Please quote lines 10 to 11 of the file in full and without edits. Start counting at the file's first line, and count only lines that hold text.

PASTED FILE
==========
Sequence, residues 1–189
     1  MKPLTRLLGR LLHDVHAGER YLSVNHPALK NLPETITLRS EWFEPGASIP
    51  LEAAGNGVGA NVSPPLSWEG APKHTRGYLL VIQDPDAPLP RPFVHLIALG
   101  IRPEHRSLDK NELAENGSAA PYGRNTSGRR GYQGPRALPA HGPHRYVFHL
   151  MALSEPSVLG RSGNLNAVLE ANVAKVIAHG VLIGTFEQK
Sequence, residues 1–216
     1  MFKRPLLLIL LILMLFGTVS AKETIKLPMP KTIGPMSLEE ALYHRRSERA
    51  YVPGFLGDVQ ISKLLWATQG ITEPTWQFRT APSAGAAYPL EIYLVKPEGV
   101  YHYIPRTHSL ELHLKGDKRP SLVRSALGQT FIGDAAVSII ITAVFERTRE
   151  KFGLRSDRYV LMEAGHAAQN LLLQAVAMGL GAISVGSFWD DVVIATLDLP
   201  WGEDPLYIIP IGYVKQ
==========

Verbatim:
   151  KFGLRSDRYV LMEAGHAAQN LLLQAVAMGL GAISVGSFWD DVVIATLDLP
   201  WGEDPLYIIP IGYVKQ